work of prehistoric artists. It is unlikely that they are the first works of art ever created. They are too sophisticated for that. No doubt they were preceded by hundreds, perhaps thousands, of years of slow development about which nothing is yet known.
Use of Paintings in Hunting Rituals During prehistoric times, cave painting was limited almost entirely to the depiction of animals. This was probably due to prehistoric people’s dependence on animals for food. The painting of animals almost certainly played a part in magic rituals performed before a hunt. Before taking up their clubs and spears, prehistoric hunters may have turned to magic to place a spell over their prey. This
Prehistoric Art See more Time & Place events on the Time Line, page H11 in your Art Handbook
PETROGLYPHS. Symbols carved in stone by settlers in prehistoric North America give us a glimpse into belief systems and ways of life just as the cave paintings of Lascaux and Altamira do.
TOOLS AND UTENSILS. Cooking utensils and tools from the Neolithic era, around 7000 B.C., are adorned with decorative patterns. They represent the beginnings of technology. Photos © Ara Guler/Magnum Photos, Inc.
Unit Two Art of Early Civilizations
was intended to weaken it and make it easier to hunt. The magic may have involved a ceremony in which an image of the animal was painted on the wall or ceiling of the cave. The hunters probably believed that, by drawing a lifelike picture of an animal, they were capturing some of that animal’s strength and spirit. Such prehistoric hunting rituals probably bolstered the confidence and the courage of the hunters, who were convinced that their prey would be weaker and easier to kill. In some ways, these prehistoric rituals were like some of the rituals we practice today. A high school pep rally with its rousing cheers and inspiring music serves much the same purpose. It builds confidence and courage in team members just as the hunting ritual may have done for prehistoric hunters.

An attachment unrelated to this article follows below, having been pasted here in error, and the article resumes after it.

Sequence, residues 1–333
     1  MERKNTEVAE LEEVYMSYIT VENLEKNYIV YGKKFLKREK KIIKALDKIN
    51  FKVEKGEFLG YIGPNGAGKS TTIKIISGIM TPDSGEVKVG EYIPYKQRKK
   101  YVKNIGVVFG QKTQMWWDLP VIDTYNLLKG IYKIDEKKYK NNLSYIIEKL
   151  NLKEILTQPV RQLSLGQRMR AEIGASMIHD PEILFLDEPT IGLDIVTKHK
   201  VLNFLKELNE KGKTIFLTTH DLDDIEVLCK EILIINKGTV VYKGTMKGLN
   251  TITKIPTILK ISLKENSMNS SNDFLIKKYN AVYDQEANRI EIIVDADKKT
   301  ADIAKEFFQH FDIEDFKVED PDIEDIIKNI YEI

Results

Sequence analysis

ARCHAEOLOGY SITE. Evidence of the movements of early people are found in these footprints. They were fossilized into volcanic ash millions of years ago in Africa.
Activity Diary Entry. Imagine you are at an archaeology site and have discovered an artifact similar to the ones pictured here. Write notes about what you have found, and then prepare a report to a museum curator who may be interested in your discoveries.
Survival and Discovery of Cave Paintings Utensils, bones, and charcoal from numerous campfires found at the mouths of caves suggests that the Stone Age occupants lived there to take advantage of the daylight and ventilation. A special place farther back in the cave was set aside for magic rituals, and this was where the paintings were done. There they were protected from the wind and rain, and for this reason many paintings have survived to the present day. Unfortunately, many others were washed away by underground rivers. The discoveries of prehistoric paintings at both the caves of Lascaux in 1941 and Altamira in 1879 were quite accidental. The Lascaux cave was found by two boys playing in a field with their dog. The dog fell down a hole and was trapped in a cave. Frantically
searching for a way to reach the dog, the boys discovered another, larger hole nearby. Cautiously they crawled down into it. They lit matches and illuminated the magnificent paintings of animals on the cavern surfaces. Some 70 years earlier near the village of Santillana (Figure 6.4), another dog played a similar key role in discovering the cave of Altamira. A hunterâ€™s dog fell into a hole that proved to be the blocked entrance to an unknown cave. Several years later, Marcelino de Sautuola, an amateur archaeologist excavated inside the cavern, uncovering a number of flint and stone tools made in prehistoric times. One day de Sautuolaâ€™s five-year-old daughter went along with him to the cave. The father had to bend over as he went into the chamber, but the little girl was able to walk upright. She glanced up at the ceiling and screamed for joy. Her father raised his own